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Was Corps management on the Missouri River a “taking”?

Updated: Jul 12, 2020

Recently, in a 259-page decision, US Court of Federal Claims Judge Nancy Firestone held that river management changes begun by the Army Corps of Engineers in 2004, including efforts to aid endangered fish and birds, led to damages estimated at more than $300 million in Missouri, Kansas, Nebraska and Iowa. Judge Firestone wrote that flooding in the four-state area “was caused by and was the foreseeable result” of the Corps’ management of the river.

According to the Associated Press, another trial starts in October to determine compensation for the nearly 400 plaintiffs.

We asked 2 of our attorneys, Les Edelman and Newt Klements, to offer brief perspectives on Judge Firestone’s decision:

Les Edelman

Although Judge Firestone is a Senior Judge of the Federal court that deals with monetary claims against federal agencies and an experienced former Department of Justice attorney representing agencies such as the Corps of Engineers, I am hesitant to join in the chorus that this finding represents a  “blockbuster decision” for those involved in water resources management, environmental restoration and property owners. There are many, many steps involved before this decision becomes final, including the near certainty of a lengthy appeals process. This process will necessarily involve attention to Executive Branch policies, Congressional involvement and Court decisions that have triggered the Corps management actions.

Second, the next phase of this trial may be even more important than the first because it will focus on the Government’s defenses to Plaintiff claims and other factual issues associated with proving entitlement to compensation.

Clearly, this is a case worth following.

Newt Klements

This is not meant to be full analysis of Judge Firestone’s decision but rather an overview. With respect to the question as to whether there was a “taking” in this case, the Supreme Court in its unanimous Arkansas Fish & Game decision (2012) established criteria when determining whether a government “taking” has occurred. The Court’s opinion stated that a takings analysis must consider “the duration of the interference, whether the invasion was foreseeable when the government acted, the severity of the interference, and the degree to which it upsets the property owner’s reasonable expectations regarding the land’s use.”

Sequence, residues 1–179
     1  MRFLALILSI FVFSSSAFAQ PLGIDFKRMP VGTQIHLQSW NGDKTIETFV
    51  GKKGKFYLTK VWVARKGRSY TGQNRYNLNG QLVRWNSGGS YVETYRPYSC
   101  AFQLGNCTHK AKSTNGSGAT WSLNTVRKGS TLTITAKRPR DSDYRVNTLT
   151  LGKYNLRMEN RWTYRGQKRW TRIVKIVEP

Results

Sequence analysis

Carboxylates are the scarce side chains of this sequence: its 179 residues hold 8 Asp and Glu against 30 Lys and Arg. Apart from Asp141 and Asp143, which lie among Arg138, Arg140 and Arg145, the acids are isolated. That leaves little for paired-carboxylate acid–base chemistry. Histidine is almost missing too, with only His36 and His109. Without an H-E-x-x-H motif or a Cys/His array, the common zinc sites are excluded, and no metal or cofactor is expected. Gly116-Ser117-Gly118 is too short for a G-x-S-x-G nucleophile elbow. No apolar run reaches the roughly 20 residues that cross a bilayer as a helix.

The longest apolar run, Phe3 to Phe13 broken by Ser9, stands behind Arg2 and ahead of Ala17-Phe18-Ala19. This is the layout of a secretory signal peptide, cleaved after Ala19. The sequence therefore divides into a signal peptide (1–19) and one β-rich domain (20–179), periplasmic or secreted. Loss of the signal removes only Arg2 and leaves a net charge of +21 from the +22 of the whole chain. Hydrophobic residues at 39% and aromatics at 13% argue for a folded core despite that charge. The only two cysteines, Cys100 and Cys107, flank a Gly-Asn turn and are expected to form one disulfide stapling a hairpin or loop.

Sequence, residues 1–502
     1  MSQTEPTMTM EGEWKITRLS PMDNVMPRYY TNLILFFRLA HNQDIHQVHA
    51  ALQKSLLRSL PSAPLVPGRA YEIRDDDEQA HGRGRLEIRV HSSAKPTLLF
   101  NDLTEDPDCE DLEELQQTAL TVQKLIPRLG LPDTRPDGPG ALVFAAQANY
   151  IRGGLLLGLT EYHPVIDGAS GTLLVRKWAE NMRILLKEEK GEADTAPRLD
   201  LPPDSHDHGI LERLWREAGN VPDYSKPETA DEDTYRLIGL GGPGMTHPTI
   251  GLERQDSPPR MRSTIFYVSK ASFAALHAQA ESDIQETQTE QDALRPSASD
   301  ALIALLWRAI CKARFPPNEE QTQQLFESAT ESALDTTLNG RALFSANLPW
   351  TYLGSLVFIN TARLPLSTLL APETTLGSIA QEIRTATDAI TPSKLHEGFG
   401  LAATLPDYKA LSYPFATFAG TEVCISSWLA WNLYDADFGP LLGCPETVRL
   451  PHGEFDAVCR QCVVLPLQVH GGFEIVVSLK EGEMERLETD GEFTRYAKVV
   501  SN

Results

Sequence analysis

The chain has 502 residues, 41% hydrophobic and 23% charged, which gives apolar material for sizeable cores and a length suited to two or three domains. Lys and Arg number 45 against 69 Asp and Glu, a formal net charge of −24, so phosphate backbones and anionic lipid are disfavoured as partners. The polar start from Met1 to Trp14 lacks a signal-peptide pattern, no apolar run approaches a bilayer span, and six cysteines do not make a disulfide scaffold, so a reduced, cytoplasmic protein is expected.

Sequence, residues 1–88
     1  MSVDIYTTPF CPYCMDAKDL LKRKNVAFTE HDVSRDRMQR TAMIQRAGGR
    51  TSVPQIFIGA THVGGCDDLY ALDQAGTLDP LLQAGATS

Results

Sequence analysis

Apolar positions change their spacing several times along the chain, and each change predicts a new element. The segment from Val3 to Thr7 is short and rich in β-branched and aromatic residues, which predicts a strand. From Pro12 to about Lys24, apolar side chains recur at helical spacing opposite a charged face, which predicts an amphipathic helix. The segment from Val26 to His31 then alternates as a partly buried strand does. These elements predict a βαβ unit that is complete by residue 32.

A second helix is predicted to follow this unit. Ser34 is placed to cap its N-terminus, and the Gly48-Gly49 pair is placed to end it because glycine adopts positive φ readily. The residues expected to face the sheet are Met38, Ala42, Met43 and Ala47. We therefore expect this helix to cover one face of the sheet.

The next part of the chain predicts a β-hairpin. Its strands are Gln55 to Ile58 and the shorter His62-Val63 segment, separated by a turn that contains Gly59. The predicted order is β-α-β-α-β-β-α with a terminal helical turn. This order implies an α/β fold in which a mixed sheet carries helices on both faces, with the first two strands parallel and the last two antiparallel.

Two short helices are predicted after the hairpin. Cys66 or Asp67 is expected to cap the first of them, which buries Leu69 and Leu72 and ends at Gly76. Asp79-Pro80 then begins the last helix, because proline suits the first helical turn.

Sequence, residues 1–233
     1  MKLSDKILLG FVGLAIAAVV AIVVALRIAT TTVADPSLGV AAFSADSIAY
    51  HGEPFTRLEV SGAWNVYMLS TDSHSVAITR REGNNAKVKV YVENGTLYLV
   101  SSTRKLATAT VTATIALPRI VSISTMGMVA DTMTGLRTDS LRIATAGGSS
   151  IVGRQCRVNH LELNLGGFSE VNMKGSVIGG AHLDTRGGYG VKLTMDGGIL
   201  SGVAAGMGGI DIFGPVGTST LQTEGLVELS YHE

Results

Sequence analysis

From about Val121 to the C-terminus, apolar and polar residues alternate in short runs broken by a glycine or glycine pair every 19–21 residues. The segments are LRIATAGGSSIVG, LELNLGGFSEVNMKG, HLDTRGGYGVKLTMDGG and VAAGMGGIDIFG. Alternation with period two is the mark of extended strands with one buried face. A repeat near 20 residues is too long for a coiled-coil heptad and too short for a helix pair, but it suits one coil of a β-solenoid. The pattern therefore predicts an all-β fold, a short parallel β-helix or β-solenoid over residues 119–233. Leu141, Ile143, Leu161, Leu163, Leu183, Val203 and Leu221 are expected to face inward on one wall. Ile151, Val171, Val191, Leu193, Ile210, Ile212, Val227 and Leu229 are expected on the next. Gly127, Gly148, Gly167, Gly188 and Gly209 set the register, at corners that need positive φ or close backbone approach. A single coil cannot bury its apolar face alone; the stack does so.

Application of these criteria in this case is likely to be the subject of appeal of the “entitlement/liability” aspect of this case.  For example, based upon the factual history of these Corps projects, there seems to be an open question about whether flooding could have resulted from the original purpose and design of these projects. If so, reliance on an added environmental purpose may not be a good foundation for a court to find a taking.

Any monetary damages due the plaintiffs are a separate element of litigation in the Court of Federal Claims. In regard to such, if “entitlement/liability” as discussed above is sustained, each plaintiff will have to prove individual damages. This burden will be fact-dependent and is often difficult to document and substantiate.  Also, any judicial determination in this regard is also subject to appeal.

The bottom line is that this case is far from being finally decided.


The views expressed here are those of the author and do not necessarily reflect the views of Dawson & Associates.


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